Our rock stars, the commercial explains, aren't like your rock stars.
Let me tell you a story: In my day job, I work with media scholar Henry Jenkins. Last year, I was sent to the South by Southwest Interactive Festival, where Henry and Steven Johnson were scheduled to hold a discussion at the front of an enormous room, which filled up fast. As Henry and I were chatting before the event, a woman walked up to Henry and girlishly asked, "would you mind if I got a picture of me standing next to you?"
"Sure," said Henry, as if this sort of thing happened all the time. (I later found out that it does.)
Here's Henry Jenkins:
What I like about the Intel commercial is that it points to an interesting characteristic of our culture: that when people are as immersed in a field as the Intel employees of the commercial clearly are, they have their own set of rock stars who aren't like "real" rock stars. Well, at least they don't look like rock stars. But they do share certain common features with pop icons: They are generally very, very talented; they have achieved something we fantasize about; and they are famous among people who care about their field.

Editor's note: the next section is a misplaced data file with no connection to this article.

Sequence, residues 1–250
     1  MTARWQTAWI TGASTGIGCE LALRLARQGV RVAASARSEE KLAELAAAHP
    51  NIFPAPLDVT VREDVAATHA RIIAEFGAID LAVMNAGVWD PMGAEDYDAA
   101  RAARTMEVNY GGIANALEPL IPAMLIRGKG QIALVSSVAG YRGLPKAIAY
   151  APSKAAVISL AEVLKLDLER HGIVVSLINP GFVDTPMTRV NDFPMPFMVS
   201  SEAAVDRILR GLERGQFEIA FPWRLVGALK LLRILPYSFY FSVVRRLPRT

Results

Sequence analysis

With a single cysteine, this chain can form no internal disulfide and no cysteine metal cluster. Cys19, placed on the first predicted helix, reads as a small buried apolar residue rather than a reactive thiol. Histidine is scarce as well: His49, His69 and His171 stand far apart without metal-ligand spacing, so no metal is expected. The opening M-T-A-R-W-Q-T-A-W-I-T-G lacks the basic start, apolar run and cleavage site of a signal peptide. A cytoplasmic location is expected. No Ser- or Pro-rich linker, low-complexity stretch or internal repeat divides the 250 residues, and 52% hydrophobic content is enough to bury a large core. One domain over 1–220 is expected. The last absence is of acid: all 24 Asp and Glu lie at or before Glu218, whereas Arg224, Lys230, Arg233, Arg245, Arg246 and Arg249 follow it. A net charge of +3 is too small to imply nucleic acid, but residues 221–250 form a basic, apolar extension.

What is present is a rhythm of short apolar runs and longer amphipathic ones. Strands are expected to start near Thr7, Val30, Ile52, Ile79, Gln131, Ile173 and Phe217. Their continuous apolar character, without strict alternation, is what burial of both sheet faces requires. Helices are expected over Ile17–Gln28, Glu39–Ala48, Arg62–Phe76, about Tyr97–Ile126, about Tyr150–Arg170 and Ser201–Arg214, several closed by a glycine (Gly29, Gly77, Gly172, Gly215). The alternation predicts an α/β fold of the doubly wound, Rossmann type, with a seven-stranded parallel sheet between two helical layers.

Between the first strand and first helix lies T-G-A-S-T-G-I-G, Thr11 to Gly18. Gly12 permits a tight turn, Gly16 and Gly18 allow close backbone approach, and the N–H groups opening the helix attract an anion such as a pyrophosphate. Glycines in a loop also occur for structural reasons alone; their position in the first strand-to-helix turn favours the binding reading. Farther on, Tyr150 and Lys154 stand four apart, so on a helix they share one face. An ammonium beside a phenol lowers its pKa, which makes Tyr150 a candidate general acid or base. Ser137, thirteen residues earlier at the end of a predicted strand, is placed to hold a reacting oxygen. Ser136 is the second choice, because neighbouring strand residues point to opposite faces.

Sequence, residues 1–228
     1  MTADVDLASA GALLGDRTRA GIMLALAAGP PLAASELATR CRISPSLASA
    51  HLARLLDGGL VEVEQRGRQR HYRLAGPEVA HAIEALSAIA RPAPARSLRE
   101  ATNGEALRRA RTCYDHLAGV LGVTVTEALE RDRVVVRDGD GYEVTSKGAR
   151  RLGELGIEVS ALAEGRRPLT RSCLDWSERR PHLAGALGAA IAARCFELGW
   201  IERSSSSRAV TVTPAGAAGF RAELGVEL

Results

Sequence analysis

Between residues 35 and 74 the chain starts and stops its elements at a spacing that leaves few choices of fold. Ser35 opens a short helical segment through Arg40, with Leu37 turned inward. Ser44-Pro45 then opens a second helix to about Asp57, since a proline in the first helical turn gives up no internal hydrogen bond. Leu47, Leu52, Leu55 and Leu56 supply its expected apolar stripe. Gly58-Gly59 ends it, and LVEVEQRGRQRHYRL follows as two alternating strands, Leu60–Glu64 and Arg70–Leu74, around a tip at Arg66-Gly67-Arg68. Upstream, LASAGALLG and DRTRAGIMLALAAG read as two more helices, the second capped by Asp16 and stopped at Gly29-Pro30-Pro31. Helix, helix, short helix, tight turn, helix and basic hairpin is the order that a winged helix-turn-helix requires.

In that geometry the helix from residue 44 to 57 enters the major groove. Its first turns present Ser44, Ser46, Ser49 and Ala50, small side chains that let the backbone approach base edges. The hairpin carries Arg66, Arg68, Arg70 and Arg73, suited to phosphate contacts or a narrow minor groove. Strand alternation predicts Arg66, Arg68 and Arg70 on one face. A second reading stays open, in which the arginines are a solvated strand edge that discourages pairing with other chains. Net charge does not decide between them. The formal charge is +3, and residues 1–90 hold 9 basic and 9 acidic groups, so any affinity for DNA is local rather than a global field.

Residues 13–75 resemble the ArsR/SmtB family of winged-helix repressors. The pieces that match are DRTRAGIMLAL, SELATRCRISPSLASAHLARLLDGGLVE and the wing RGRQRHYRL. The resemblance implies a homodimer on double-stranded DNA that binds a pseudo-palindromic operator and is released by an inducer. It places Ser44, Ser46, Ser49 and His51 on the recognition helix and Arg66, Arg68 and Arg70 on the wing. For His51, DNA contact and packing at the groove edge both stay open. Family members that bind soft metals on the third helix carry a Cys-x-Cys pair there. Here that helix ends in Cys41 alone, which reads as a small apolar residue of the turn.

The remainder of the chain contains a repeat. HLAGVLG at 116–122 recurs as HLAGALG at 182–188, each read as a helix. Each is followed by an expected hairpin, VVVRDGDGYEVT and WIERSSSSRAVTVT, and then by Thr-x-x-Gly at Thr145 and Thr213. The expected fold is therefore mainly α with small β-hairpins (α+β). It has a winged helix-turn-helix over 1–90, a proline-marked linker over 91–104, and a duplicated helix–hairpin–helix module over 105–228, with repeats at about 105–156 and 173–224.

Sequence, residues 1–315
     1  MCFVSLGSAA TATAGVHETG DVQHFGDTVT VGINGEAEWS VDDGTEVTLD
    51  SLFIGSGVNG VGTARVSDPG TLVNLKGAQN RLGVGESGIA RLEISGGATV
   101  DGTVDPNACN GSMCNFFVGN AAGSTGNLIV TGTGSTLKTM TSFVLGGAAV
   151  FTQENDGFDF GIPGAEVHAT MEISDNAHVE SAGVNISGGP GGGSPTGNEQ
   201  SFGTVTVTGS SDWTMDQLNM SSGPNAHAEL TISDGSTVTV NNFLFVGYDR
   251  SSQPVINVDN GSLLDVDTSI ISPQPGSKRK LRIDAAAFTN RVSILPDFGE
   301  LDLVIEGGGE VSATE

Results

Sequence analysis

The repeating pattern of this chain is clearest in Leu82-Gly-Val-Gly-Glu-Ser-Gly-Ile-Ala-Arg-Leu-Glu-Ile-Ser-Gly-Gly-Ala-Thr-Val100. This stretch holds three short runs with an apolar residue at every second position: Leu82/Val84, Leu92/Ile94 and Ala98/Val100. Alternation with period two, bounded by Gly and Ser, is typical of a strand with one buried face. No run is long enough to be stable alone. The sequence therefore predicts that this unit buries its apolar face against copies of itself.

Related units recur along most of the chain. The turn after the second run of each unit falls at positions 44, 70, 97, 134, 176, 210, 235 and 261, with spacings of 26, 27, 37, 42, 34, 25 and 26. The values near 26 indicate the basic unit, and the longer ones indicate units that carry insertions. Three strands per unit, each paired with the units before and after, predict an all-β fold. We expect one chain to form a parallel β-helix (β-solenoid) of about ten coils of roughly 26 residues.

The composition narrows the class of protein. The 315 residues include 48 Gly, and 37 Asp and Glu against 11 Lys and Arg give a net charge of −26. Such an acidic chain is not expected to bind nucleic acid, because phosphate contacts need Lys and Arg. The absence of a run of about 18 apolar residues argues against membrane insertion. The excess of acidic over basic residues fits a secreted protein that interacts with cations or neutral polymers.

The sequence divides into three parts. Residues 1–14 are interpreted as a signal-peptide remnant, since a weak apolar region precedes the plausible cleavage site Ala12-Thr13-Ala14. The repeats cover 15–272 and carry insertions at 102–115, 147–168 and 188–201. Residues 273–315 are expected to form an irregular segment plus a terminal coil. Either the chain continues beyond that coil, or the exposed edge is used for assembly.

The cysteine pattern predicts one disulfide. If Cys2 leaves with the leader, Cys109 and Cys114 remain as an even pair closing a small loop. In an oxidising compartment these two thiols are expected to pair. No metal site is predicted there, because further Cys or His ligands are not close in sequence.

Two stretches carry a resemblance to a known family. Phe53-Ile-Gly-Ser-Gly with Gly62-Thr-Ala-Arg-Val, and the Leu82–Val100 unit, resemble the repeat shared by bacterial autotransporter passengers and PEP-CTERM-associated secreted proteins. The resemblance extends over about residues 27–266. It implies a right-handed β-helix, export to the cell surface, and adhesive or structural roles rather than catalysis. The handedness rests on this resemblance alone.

I'm going to come clean and admit that I have my own rock stars, and I suspect that many of my readers do too. Here's the deal: After I list my rock stars, you have to list yours. But make sure to identify your field, so we can all know how and why these people are superstars to you. I chose to stick with 3 because I didn't want to look like some sort of crazy groupie, though of course I could go on.
field: education / new media / participatory culture / technology / creativity
1. Educational researcher, games expert, and social justice theorist Jim Gee
2. Technology writer Clay Shirky
3. Insane genius philosopher Bruno Latour